Stephen Hunt – From The Deep Of The Dark

One of the downsides of reviewing several book of a series after each other is that it becomes hard to review the later novels independently. You will automatically compare it with the previous ones and not judge it on its own merits. On the other hand it does provide insight into how readable the series remains when reading them all together.

The reason why I make this remark is because of this review of From The Deep Of The Dark (2012) by Stephen Hunt. It is the sixth book of the steampunk Jackelian series and the fifth in a row I’ve read and reviewed. In my earlier reviews I made some comments about the author sometimes taking it easy by rehashing plot elements and structures that worked well before. Until now he managed to add in enough variation to avoid doing so too much. With From The Deep Of The Dark he failed to avoid it.

The cause of this failure I can explain. The first third of the novel starts well and original and includes much to set up expectations. Unlike the previous novels there are now three main protagonists of which one is a familiar one I enjoyed before, so I was happy to see him return. Here I have to add that three main protagonists proved too much for the story as they don’t get sufficient attention. Only one of the two really gets established with the quality that we are used to. The other remains rather stereotypical.

After a good beginning Hunt starts disclosing the plot and here it goes awry. Initially there is a mystery to discover. Instead of following this course Hunt decides to expand the scope of the plot wildly. The threat is far larger than any character could have imagined. To solve this plot problem he introduces a plot device he used before and which in this series damages the story, except for the first novel, where it did work. This is the fantasy element. Overall Hunt founds his steampunk world on science fiction. There are some light fantasy elements to make it a bit weirder. This works well. Whenever Hunt cannot solve the plot in a regular way he adds in fantasy to fix it. This is necessary when he makes the plot too big and the scope too vast. When he does this he loses control of the story. He must follow a certain course to solve the problems he created with this plot. This results in the plot becoming predictable. Actually, much of the next two-thirds of the novel held few surprises for me. I had seen it used all before. The only questions I had were if he would use this or that at certain points. There were some surprising moments, luckily, so it was not all a disappointment.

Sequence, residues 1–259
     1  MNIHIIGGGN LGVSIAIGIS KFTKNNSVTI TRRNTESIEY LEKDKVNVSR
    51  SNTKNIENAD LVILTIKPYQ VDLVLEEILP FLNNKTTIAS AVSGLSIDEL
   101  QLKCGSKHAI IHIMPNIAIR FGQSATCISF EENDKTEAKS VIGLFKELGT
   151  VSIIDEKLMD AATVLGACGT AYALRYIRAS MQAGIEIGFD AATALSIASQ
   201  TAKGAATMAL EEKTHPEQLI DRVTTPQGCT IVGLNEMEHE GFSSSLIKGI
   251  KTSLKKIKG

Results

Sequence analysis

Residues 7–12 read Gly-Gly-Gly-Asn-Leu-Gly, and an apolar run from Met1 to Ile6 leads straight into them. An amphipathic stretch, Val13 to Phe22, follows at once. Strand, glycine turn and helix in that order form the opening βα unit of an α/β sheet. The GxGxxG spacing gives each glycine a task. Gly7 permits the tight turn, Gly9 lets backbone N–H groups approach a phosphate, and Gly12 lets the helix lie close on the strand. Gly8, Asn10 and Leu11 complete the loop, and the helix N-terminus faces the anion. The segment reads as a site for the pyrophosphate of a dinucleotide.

The grand plot problem also had another downside. Hunt introduces a new underwater world to expand his universe. Before we get there the grand plot has already kicked in and because he has to follow through the set course he has almost no time to explore this new world. That he used the underwater world addition is rather striking, as another steampunk series, Shadows Of The Apt, also has a novel doing, The Sea Watch, something similar. Although I consider Hunt’s steampunk world to be more interesting and better realized overall, he fails here against The Sea Watch, which does take the time to establish the underwater world. Anyways, the problem with the set course is that it failed for me because I had seen it too much already in his previous novels. If I had read this novel one or more years later it would probably have worked much better. Nevertheless the grand plot problem remains an issue with Hunt’s plotting as he has a tendency to stick to that instead of aiming for something more reasonable which allows him to develop and explore characters and settings more. A more regular plot would also allow for more variation because grand plots leave little space for doing something different.

Another thing which I noticed was that the plot elements of this novel contain many similarities to the third novel of the series, The Rise Of The Iron Moon. I gave a pretty negative review of that novel. It almost feels to me that this novel is a rewrite of that novel, trying to remove a lot of discrepancies, inconsistencies and flaws, while keeping the essences. I have to say Hunt did succeed in his aim if he wanted to do a rewrite as From The Deep Of The Dark is a pretty decent novel.

My conclusion of the novel is mixed. As an independent novel it would have worked well enough. Even if the story is a standalone one, it is part of a series so it will be compared to them.  Many of the earlier novels were pageturners for me. I could hardly put them down. As this novel became quite predictable to me because Hunt re-used so many plot elements it became harder for me to continue as he didn’t seem able to steer off the course he was bound to follow. This rehashing was already slowly becoming a problem in the earlier novels and here he failed to avoid them. He is getting stuck on his own clichés and apparently does not realize it himself. In the series this is a reasonable novel. Nowhere close to the low level of the third book, but not near the good quality of the four other novels in the series. If you want to enjoy this one sufficiently, make sure to read it some considerable time after the other novels.

 

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